Tag Archives: HAF2017

Summer at Stewart B. McKinney: Crabs, birds, and more!

This post is part of of short summer series featuring blog posts from our Hispanic Access Foundation interns. Today, we are hearing from Ivette Lopez, who has been working at Stewart B. McKinney National Wildlife Refuge in Connecticut. Read more posts in the series here

During the summer at Stewart B. McKinney National Wildlife Refuge, I spent plenty of time outdoors at our different refuge and urban sites! In late May, we hosted Zeta Phi Beta Sorority, Inc. for Zeta Days, an initiative that encourages members to visit a national wildlife refuge. Our local chapter joined us on an island tour of the refuge.

Zeta Phi Beta Sorority Inc. and friends enjoy a beautiful day on the refuge’s Outer Island Unit.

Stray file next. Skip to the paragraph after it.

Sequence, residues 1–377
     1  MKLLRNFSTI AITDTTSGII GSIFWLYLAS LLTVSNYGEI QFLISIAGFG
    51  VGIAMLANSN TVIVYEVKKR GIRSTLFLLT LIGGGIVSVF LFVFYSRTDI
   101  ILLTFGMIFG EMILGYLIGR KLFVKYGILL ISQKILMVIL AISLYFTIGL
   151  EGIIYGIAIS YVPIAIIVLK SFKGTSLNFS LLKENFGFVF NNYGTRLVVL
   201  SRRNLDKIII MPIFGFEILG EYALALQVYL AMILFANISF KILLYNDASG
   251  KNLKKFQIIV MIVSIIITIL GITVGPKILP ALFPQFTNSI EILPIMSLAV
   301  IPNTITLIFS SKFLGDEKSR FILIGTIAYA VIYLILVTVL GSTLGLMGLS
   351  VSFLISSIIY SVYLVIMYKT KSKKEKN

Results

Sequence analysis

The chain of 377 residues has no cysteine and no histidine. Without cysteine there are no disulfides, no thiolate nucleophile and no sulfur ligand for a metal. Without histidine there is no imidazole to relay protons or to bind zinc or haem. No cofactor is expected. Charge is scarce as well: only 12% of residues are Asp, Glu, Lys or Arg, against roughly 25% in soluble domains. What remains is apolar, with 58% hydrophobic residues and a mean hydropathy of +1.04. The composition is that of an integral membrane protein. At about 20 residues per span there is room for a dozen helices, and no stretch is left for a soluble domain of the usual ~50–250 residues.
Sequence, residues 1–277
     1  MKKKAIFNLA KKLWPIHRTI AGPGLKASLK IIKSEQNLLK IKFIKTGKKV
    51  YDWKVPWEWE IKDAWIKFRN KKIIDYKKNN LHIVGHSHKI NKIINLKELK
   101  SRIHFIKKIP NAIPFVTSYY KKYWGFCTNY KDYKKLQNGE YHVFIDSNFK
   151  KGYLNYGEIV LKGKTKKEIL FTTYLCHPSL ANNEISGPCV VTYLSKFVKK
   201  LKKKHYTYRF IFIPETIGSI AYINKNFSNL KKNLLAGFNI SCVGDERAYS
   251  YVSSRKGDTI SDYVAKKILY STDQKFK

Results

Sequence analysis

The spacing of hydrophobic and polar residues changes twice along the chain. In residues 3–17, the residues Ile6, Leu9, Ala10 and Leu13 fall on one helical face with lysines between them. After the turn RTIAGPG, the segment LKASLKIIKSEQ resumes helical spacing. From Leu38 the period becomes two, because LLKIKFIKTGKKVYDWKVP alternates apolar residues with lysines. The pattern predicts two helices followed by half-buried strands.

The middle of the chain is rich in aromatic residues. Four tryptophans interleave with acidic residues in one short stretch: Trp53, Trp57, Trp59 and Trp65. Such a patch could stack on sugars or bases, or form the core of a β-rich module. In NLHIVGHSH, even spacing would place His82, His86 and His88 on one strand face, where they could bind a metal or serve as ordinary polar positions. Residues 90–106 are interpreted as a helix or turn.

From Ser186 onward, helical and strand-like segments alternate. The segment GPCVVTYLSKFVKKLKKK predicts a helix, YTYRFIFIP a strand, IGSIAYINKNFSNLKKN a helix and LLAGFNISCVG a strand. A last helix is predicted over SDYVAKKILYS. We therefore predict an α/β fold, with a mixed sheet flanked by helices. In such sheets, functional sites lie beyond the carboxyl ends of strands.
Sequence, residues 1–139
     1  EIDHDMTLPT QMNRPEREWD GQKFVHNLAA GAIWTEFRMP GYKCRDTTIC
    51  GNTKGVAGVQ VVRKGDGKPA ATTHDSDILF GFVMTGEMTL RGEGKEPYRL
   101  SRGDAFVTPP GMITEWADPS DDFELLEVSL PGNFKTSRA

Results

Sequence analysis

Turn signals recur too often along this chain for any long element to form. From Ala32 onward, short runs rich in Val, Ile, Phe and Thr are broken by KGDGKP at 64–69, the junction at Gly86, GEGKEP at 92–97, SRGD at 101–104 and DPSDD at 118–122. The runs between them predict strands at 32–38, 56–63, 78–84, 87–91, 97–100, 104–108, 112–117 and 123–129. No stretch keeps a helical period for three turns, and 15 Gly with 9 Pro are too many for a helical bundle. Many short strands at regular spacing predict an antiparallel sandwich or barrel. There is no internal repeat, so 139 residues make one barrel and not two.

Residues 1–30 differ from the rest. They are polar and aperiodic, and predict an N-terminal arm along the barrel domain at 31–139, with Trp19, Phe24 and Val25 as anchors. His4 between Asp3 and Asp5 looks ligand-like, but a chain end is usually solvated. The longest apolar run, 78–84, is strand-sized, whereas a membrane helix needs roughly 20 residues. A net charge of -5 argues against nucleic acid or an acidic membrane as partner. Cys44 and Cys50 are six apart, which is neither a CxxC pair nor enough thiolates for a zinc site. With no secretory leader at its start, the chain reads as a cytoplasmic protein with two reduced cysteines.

On the tour, everyone learned about the history and wildlife of Falkner Island and Outer Island. At Falkner Island, we used binoculars to observe the nesting terns from the boat. Participants learned about the endangered roseate/common terns and their threats such as the black-crowned night heron and habitat loss. Then we sailed across Long Island Sound to Outer Island, where we toured the island’s habitats and enjoyed lunch. It was a beautiful day to be outside!